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The Woodland Education Centre
The Heathland Restoration Project

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Ecological Surveys 1996 - 1998

Species similarity between Sections

In 1997, all the sections were quite dissimilar in terms of the species present in them. This is a reflection of the extremely varied seed bank regenerating on the site. By 1998, the sections had many more species in common (although the amount of each species in a particular section varied considerably).

The increasing species similarity between sections resulted from the disappearance of species not suited to current conditions on the site, and the spread of those favoured by current conditions. Current conditions are the result of both prevailing weather conditions and the management regime. 

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Views of strips 6, 7 and 8 on the Heathland Restoration site.

The degree of similarity between the vegetation of different sections can be examined by a comparison of indices of similarity, calculated for paired sections (table below).
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Indices of similarity for paired sections in 1997 and 1998.
(Paired sections with the highest species similarity are indicated by the indices in bold type.)


The index of similarity between two sections was calculated using the following formula:

Index of Similarity =   2C
                                       (A + B)

Where A = the number of species in section A

B = the number of species in section B

C = the number of species common to both sections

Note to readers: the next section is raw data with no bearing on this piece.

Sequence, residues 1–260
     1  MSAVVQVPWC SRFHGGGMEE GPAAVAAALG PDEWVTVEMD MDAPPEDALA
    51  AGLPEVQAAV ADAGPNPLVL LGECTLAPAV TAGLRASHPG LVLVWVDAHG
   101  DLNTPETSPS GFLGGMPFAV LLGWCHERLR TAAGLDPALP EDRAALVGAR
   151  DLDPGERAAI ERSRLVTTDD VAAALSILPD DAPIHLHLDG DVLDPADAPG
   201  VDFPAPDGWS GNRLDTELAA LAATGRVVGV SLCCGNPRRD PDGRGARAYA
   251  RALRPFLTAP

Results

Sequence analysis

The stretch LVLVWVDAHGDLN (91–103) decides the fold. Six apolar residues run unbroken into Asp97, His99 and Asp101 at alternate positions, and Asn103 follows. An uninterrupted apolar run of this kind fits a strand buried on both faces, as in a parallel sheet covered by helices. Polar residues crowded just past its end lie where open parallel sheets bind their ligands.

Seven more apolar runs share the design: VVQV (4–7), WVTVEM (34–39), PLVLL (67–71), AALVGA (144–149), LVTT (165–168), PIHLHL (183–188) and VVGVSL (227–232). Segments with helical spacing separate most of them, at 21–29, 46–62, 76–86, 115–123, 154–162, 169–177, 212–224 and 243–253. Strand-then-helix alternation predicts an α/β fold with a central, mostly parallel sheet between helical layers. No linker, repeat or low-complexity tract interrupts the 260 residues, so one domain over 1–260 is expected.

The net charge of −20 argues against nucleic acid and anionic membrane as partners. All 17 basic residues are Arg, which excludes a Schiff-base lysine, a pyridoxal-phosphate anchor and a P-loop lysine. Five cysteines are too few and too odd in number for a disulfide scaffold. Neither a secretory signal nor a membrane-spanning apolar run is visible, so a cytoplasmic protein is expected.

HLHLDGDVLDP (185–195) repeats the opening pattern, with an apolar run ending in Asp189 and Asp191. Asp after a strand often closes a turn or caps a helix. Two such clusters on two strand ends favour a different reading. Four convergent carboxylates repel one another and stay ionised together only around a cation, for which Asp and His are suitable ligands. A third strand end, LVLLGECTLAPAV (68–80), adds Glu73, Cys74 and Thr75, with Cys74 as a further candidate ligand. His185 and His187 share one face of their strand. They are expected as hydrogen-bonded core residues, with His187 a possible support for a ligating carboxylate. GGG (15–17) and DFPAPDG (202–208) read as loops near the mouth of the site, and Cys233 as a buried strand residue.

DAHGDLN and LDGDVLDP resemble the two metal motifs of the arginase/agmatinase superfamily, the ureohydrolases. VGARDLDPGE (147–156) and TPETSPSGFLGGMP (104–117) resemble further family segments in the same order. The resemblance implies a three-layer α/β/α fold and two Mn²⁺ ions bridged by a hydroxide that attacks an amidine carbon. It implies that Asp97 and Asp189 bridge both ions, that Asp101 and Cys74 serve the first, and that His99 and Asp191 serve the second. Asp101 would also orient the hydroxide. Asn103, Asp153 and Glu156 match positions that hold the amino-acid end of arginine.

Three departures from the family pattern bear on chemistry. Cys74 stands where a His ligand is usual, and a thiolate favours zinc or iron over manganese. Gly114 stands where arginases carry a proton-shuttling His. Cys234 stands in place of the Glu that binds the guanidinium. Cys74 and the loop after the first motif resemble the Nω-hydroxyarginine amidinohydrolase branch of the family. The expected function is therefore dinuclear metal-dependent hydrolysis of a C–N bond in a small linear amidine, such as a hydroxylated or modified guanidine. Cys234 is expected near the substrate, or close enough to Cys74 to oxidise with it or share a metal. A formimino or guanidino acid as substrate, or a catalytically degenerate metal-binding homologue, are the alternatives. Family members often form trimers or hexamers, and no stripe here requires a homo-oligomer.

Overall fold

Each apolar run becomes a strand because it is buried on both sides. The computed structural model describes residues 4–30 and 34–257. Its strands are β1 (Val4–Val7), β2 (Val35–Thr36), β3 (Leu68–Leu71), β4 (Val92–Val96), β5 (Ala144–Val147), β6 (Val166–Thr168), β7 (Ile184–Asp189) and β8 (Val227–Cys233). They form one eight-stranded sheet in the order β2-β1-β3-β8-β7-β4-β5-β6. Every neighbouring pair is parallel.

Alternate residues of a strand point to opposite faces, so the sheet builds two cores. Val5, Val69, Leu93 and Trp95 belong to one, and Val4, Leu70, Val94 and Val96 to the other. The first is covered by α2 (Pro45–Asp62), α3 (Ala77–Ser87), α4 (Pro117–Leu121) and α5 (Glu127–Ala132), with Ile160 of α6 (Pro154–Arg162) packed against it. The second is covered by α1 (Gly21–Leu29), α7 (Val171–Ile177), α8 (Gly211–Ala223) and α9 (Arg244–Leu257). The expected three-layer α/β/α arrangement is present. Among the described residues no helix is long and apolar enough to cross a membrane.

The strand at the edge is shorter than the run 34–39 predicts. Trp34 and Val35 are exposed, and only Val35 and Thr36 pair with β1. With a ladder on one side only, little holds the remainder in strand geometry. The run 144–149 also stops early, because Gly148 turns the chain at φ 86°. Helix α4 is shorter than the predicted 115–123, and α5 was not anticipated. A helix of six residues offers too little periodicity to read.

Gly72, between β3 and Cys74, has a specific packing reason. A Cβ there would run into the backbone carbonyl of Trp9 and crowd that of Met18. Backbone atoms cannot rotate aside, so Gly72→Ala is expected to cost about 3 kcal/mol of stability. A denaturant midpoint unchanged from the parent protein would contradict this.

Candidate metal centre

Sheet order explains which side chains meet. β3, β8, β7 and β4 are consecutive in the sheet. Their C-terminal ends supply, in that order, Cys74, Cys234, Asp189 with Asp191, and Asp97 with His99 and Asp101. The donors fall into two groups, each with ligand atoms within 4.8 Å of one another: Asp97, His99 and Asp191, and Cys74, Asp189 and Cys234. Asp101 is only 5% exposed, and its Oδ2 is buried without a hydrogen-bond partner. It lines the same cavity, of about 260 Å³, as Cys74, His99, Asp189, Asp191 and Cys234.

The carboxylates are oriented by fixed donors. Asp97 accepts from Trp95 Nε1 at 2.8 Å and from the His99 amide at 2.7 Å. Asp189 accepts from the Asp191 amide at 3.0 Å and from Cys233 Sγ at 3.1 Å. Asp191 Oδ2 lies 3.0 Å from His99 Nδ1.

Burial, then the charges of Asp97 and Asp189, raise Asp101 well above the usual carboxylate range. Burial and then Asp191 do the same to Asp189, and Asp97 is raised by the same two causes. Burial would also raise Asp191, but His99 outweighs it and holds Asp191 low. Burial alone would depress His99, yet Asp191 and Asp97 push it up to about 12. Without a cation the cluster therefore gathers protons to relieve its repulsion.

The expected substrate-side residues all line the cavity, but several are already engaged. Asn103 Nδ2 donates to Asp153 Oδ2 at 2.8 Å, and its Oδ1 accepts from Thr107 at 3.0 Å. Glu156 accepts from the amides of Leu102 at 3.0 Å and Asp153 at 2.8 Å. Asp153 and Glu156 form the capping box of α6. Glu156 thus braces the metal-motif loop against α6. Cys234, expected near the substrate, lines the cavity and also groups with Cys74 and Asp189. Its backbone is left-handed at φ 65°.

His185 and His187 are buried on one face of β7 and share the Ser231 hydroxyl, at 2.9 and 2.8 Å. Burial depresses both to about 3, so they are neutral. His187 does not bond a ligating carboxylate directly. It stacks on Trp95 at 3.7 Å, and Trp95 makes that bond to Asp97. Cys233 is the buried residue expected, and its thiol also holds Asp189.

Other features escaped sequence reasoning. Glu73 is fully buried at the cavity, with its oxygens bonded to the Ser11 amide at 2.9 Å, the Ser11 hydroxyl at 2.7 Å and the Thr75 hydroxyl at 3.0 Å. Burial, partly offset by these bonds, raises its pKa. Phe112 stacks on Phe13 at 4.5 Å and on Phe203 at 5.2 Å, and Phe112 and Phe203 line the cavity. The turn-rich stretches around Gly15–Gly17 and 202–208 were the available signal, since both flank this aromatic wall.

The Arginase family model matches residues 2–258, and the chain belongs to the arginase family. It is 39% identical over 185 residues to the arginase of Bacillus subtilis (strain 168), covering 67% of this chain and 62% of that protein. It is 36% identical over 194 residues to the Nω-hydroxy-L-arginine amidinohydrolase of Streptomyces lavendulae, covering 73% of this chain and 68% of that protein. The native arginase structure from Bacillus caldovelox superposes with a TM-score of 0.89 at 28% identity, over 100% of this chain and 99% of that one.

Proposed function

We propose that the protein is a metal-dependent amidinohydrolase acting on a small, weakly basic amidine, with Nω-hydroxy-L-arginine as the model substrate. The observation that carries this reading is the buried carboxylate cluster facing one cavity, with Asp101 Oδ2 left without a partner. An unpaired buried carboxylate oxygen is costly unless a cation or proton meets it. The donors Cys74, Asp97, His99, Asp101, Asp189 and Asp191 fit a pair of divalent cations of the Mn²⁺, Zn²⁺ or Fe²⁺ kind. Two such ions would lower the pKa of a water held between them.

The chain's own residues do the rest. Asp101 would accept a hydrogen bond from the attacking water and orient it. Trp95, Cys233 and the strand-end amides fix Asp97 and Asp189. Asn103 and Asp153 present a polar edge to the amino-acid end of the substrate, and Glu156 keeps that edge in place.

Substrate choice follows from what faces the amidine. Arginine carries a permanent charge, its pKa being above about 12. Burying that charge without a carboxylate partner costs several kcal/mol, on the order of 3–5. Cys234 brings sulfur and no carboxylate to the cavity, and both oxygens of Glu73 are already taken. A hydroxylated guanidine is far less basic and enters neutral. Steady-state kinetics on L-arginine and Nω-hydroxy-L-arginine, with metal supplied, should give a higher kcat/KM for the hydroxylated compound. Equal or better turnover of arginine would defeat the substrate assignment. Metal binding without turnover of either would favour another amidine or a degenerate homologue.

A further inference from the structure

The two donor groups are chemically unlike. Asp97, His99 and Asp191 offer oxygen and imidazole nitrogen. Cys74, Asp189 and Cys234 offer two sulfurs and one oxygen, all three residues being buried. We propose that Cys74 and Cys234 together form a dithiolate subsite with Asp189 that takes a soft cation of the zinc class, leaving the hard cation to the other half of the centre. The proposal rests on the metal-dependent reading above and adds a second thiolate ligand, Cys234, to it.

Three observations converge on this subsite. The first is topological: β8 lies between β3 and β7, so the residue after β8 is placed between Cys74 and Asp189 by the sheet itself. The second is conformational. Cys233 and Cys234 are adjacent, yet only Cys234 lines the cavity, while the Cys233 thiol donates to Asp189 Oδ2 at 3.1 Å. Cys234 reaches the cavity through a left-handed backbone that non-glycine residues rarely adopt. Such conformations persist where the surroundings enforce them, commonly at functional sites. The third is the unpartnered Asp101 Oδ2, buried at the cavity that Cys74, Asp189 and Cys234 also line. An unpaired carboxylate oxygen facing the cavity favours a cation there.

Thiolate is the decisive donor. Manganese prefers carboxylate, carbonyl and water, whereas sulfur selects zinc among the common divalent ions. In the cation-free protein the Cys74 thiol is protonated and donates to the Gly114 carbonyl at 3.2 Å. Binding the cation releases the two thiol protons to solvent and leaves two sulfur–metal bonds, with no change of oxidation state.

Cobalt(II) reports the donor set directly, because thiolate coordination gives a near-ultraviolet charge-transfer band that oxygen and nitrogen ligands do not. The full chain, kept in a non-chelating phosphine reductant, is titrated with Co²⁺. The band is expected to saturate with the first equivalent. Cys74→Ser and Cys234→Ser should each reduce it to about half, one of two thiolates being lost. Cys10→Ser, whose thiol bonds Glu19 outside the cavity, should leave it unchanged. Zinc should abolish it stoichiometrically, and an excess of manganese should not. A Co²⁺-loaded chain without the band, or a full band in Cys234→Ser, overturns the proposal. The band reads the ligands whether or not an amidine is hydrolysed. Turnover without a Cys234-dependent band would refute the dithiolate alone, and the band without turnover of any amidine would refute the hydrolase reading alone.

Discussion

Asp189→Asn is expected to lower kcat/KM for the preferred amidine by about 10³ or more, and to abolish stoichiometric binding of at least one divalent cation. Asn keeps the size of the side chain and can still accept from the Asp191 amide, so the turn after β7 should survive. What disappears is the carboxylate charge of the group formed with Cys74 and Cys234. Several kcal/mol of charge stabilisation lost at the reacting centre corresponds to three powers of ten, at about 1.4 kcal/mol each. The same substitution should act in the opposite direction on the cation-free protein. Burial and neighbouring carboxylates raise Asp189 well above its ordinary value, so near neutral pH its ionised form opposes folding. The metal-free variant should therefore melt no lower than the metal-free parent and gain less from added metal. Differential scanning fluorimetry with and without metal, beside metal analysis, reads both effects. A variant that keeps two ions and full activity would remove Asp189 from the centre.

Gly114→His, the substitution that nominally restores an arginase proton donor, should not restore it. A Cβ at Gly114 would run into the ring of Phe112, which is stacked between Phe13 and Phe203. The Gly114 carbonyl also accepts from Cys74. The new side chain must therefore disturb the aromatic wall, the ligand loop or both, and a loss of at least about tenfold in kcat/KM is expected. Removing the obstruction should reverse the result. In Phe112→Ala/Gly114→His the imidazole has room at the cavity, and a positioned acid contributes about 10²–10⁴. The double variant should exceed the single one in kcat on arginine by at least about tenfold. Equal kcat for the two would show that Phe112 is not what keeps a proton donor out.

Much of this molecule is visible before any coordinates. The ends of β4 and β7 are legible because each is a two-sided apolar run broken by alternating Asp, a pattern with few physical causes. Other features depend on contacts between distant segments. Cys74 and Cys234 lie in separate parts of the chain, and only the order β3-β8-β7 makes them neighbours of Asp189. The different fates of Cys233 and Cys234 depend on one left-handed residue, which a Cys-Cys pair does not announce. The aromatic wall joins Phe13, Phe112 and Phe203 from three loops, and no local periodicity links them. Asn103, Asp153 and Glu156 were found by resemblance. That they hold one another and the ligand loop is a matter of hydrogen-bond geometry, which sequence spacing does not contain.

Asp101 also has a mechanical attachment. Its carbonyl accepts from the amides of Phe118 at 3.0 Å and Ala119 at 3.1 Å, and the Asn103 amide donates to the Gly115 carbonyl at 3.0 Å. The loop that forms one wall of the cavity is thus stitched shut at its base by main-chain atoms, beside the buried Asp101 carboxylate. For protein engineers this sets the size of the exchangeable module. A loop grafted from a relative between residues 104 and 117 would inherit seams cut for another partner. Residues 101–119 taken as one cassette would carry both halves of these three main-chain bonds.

The closer the index of similarity is to 1, the more similar the sections are.

1996 data was not analysed because many of the species present in 1996 were only identified to genus level. The results would thus not be truly comparable to those obtained in 1997 and 1998.

Species numbers obtained from the random data were used to calculate the indices for 1997 and 1998 (Table above). This was done because the belt transect data routinely underestimates the number of species present due to the smaller number of samples taken and the narrow band actually sampled (more here).

Comparisons of the indices of similarity for paired sections reveals a number of general insights.

  • Sections adjacent to each other tended to be the most similar. This is fairly obvious, because species will be able to spread and colonize neighbouring sections more readily. Also, environmental conditions are likely to be similar in adjacent sections.
  • The vegetation of the sections became more similar in terms of the species present between 1997 and 1998. However, because the relative abundance of the individual species varied considerably, the sections still looked markedly different.
  • Sections 2 and 4 became much more similar to each other in the period 1997- 1998. Both sections were also highly similar to section 7. This is likely to be related to the fact that they are all cut in the spring.
  • The section with the highest similarity to the unmanaged control section in 1998 was section 7.

  • Sections 1 and 9 had a high similarity to each other in 1998. This was presumably related to the position of these sections. Although they are at opposite ends of the project site, both are bordered by woodland on one side.


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Ecological Surveys 96 - 98